Author: Charles Lipson
Publisher: University of Chicago Press
Release Date: 2007-12-01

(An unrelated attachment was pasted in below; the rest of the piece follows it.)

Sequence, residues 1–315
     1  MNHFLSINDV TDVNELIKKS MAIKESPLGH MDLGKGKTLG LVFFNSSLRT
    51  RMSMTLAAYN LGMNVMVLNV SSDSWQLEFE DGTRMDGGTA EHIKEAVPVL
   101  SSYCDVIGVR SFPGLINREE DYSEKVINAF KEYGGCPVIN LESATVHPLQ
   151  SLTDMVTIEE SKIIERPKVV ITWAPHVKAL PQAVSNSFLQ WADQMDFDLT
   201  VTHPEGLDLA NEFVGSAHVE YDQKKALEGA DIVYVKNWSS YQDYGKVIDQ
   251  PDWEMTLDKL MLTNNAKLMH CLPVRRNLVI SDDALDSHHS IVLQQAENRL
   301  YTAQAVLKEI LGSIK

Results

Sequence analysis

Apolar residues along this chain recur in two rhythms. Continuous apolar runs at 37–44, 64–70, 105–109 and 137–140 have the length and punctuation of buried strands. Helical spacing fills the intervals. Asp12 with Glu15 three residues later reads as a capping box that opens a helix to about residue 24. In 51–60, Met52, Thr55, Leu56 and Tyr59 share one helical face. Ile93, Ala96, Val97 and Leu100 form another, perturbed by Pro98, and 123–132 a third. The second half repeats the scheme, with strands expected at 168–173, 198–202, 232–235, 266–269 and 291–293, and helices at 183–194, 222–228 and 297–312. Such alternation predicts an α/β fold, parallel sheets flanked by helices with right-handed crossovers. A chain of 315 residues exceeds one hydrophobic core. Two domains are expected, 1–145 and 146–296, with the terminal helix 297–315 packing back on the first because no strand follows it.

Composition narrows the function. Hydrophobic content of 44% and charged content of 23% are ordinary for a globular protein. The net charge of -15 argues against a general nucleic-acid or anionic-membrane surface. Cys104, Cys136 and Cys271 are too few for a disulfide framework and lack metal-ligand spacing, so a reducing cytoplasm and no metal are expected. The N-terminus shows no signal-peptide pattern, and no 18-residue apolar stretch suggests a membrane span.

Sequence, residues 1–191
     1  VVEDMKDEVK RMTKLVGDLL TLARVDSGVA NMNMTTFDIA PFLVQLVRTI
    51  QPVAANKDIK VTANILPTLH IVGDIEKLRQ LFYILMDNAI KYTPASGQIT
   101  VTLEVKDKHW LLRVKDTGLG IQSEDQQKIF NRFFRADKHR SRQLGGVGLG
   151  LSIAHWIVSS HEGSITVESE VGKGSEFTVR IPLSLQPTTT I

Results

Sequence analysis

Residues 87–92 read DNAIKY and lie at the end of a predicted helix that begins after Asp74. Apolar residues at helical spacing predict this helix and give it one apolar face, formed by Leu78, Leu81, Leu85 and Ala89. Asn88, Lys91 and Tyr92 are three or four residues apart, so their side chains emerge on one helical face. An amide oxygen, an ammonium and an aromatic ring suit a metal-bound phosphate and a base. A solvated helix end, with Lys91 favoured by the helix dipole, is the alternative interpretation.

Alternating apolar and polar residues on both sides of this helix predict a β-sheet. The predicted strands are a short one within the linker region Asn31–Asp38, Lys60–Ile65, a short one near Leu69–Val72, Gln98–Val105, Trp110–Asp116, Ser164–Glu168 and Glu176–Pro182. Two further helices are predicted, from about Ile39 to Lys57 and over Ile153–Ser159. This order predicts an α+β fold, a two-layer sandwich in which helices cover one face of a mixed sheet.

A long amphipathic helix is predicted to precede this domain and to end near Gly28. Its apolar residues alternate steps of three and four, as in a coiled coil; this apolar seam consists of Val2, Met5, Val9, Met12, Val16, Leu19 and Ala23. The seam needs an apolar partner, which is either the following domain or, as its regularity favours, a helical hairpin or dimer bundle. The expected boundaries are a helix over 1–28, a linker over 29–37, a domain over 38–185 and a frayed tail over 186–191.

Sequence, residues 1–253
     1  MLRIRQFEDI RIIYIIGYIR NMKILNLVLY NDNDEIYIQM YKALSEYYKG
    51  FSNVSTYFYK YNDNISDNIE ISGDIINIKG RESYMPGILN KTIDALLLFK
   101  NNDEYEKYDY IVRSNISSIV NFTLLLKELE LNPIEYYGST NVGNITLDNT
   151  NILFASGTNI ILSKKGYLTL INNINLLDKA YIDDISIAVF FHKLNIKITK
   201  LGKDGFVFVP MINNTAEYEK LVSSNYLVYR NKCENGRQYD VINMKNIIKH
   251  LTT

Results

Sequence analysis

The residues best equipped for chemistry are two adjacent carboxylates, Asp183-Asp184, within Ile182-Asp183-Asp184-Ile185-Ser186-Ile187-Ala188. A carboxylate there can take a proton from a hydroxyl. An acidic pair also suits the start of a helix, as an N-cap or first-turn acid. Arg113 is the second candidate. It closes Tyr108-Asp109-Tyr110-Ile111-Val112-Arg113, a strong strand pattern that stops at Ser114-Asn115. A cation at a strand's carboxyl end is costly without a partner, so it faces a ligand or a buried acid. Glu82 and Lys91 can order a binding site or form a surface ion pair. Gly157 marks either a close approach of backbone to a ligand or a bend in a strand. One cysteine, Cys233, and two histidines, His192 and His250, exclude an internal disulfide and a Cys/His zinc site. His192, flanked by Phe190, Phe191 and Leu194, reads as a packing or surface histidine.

The senior thesis is the capstone of a college education, but writing one can be a daunting prospect. Students need to choose their own topic and select the right adviser. Then they need to work steadily for several months as they research, write, and manage a major independent project. Now there's a mentor to help. How to Write a BA Thesis is a practical, friendly guide written by Charles Lipson, an experienced professor who has guided hundreds of students through the thesis-writing process. This book offers step-by-step advice on how to turn a vague idea into a clearly defined proposal, then a draft paper, and, ultimately, a polished thesis. Lipson also tackles issues beyond the classroom-from good work habits to coping with personal problems that interfere with research and writing. Filled with examples and easy-to-use highlighted tips, the book also includes handy time schedules that show when to begin various tasks and how much time to spend on each. Convenient checklists remind students which steps need special attention, and a detailed appendix, filled with examples, shows how to use the three main citation systems in the humanities and social sciences: MLA, APA, and Chicago. How to Write a BA Thesis will help students work more comfortably and effectively-on their own and with their advisers. Its clear guidelines and sensible advice make it the perfect text for thesis workshops. Students and their advisers will refer again and again to this invaluable resource. From choosing a topic to preparing the final paper, How to Write a BA Thesis helps students turn a daunting prospect into a remarkable achievement.